Itis tempting to interpret the recent budget deal as an indication that the Reagan revolution is finally over. Much of the red ink it produced has been sopped up. The Democrats have made tax fairness a legitimate issue again, and the president has agreed to new taxes that distribute the pain in a modestly progressive fashion. In addition, the country is no longer mired in deep Voodoo. The supply sider's credo of lower taxes as a sure-fire tonic for the economy has been replaced by a sober-minded focus on large deficits as the far greater threat to economic growth. These are real accomplishments. At the same time, it would be a mistake to conclude that the revolution is over. The basic questions it raised about taxes and spending have not yet been resolved.
The most important of these is why anyone should pay higher taxes in the first place. Given the widespread assumption that government budgets are full of waste and that almost everyone in Washington is incompetent -- a perception that recent events have surely strengthened -- Republicans can continue to win political points by arguing for lower taxes and less government. The president is already distancing himself from the tax part of the budget deal by insisting that the Democrats made him do it. For their part, the public may prefer fair to unfair taxes, but their first choice remains no new taxes at all. If this preference were nothing more than simple greed, or a belief in the growth-enhancing effects of lower revenues, Democrats would now have the upper hand. But it isn't. It's concern about the value of government itself.
Given this concern, there is no substitute for educating the public about exactly what their tax dollars buy. Fifteen cents out of every dollar is for interest on the debt, most of it accumulated since 1980. In fact, just the increase in debt during the past 10 years is costing the average taxpayer $1,300 a year. No wonder we seem to be getting less for our money. Taxes that used to buy real benefits or real government services have been diverted to paying our creditors, many of them from other countries. The budget agreement, by curbing future borrowing, will help to reduce such unproductive outlays. However, interest on the debt will remain high and will continue to reduce the amount of real services that each dollar of taxes can buy.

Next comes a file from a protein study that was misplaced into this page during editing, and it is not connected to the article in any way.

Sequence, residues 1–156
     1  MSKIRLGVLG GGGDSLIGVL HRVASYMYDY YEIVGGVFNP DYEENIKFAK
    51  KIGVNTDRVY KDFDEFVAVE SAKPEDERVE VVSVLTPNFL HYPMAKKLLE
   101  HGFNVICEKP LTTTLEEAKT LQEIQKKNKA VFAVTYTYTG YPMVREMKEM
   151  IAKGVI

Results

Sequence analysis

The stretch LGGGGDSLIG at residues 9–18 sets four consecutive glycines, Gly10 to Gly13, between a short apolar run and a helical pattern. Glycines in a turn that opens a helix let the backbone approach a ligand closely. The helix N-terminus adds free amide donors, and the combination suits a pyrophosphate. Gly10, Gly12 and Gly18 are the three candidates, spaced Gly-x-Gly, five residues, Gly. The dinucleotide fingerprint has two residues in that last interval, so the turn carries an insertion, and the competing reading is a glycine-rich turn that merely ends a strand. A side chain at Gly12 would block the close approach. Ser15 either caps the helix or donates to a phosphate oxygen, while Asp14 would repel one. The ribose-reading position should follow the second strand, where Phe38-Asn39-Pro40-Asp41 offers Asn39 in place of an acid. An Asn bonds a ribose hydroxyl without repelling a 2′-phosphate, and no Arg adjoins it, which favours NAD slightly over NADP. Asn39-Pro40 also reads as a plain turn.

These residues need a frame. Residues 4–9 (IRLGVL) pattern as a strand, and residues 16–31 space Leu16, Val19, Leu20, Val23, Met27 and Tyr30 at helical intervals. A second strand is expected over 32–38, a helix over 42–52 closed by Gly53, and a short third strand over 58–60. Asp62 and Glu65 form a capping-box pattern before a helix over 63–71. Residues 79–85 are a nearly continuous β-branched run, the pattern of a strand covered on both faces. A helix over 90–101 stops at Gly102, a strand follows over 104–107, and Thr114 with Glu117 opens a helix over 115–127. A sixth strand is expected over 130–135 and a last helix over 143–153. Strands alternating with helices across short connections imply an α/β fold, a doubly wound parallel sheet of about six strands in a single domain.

Another 24 cents goes for defense. As a result of the budget agreement this ratio will fall over the next five years. Whether further savings are possible will depend on events in the Persian Gulf as well as a continuing debate about the U.S. role in a post-Cold War era. But possible or not, for the next three years the budget implictly assumes that the debate about the peace dividend is over. Moreover, the new budget rules require that any additional savings in the defense area be used for deficit reduction; none will be available for social programs.